Exercise: A New Migraine Headache Therapy
Moderate aerobic exercise reduces the frequency, intensity, and duration of migraine headaches in people who have migraines without aura, according to a study published in Cephalalgia (2003;23:972–6).
People with migraines suffer episodes of severe headache, nausea, and sensitivity to light and sound. Visual disturbances or unusual head sensations, known as an aura, often occur before head pain in a migraine episode; however, some people experience migraines without aura. Migraines may be caused by rapid changes in the blood flow to the head; the aura is believed to be associated with narrowing of the blood vessels in the head, and the widening of the blood vessels may influence head pain, nausea, and sensitivity to light and sound.
Migraine treatment includes the use of pain relievers and medicines that affect the openness of the blood vessels. Although these medications can provide immediate migraine relief, long-term frequent use can result in additional headaches, known as medication overuse headaches, which are far more difficult to treat than common migraines. Furthermore, the use of these medicines can pose problems for people with stomach and heart conditions, as well as in pregnant or breast-feeding women.
Several studies have suggested that regular aerobic exercise might be helpful in migraine management, but exercise during a migraine episode can worsen symptoms. In a recent controlled trial, people with a history of migraines who participated in an aerobic exercise program had significantly fewer migraines—and those they did have were of less intensity and shorter duration—than did people with a history of migraines who did not exercise. Exercise increases levels of endorphins as well as other body chemicals that might reduce the number of episodes and the symptoms of migraine. Endorphins are body chemicals that are associated with reduced pain.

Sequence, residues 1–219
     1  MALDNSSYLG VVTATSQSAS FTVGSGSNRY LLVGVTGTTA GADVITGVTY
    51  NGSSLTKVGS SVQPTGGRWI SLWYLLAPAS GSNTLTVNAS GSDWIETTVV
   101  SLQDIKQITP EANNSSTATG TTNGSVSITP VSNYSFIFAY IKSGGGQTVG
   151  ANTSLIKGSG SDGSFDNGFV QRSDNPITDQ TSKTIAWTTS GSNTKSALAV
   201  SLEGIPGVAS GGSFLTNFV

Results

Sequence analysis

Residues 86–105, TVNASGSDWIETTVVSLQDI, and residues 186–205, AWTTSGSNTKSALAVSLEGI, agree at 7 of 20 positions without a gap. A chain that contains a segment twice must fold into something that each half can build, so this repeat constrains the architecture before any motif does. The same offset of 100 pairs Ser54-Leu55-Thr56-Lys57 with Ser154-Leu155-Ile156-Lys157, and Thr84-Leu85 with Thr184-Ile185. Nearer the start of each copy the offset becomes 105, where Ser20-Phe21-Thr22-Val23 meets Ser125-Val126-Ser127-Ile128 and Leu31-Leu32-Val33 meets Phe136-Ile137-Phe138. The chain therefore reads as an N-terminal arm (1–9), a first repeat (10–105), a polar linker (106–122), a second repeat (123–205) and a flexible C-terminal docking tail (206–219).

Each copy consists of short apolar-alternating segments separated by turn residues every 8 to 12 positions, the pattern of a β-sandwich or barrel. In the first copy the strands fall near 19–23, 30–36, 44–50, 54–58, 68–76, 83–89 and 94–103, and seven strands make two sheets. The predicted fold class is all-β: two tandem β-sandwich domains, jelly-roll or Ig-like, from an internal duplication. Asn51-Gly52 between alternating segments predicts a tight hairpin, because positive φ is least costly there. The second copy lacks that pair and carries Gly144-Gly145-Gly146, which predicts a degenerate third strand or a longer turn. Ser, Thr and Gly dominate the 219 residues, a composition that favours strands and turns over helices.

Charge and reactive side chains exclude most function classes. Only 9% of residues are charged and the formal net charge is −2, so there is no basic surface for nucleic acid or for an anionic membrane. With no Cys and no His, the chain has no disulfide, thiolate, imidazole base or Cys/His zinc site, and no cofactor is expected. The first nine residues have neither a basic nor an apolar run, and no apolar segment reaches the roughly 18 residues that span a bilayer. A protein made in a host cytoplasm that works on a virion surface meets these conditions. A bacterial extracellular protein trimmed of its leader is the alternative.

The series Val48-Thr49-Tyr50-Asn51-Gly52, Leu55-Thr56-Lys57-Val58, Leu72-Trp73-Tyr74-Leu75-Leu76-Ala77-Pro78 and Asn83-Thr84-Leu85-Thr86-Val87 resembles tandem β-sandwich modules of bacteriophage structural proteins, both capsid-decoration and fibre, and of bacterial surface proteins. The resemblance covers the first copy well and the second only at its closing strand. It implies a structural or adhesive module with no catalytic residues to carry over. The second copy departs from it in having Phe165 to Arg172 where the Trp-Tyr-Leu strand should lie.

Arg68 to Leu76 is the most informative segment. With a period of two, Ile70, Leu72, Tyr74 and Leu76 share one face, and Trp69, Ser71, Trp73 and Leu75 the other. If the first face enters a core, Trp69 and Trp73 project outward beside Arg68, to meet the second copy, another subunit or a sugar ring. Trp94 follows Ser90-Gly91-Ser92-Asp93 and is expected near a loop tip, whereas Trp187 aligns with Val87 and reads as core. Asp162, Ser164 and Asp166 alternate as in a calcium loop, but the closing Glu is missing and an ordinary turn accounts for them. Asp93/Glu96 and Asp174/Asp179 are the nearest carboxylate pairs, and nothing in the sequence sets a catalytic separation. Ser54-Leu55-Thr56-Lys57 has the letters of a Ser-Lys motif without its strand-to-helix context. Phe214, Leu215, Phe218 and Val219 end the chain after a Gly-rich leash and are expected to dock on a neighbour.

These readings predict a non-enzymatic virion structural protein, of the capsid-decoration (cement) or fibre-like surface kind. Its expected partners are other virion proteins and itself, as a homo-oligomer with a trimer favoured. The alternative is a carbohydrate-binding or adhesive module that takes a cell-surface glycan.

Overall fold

In the current study, 36 healthy people who experience repeated migraines without aura were enrolled in an exercise program. Participants stopped all anti-migraine medications they had been using at the beginning of the study and began the exercise program after six weeks. Each exercise session involved a 10-minute warm-up period, 20 minutes of moderate aerobic exercise, and a 10-minute cool-down period. Participants performed an exercise session three times a week for six weeks, but not during migraine episodes. Participants wrote down migraine frequency, intensity, and duration during the six weeks before exercise and the six weeks of exercise. Endorphin levels were measured before and after the first exercise session and again at the end of the study. In the last four weeks of the study participants had significant reductions in migraine frequency, intensity, and duration. Endorphin levels increased after exercise in all participants, but those who began with lower endorphin levels had greater increases after exercise and experienced more improvement.
The results of this study suggest that exercise might be helpful to people who have migraines without aura, and that increased endorphin levels might play an important role. Additional research is needed to establish whether exercise has the same effect in people who experience migraine with aura.
Maureen Williams, ND, received her bachelor’s degree from the University of Pennsylvania and her Doctorate of Naturopathic Medicine from Bastyr University in Seattle, WA. She has a private practice in Quechee, VT, and does extensive work with traditional herbal medicine in Guatemala and Honduras. Dr. Williams is a regular contributor to Healthnotes Newswire.
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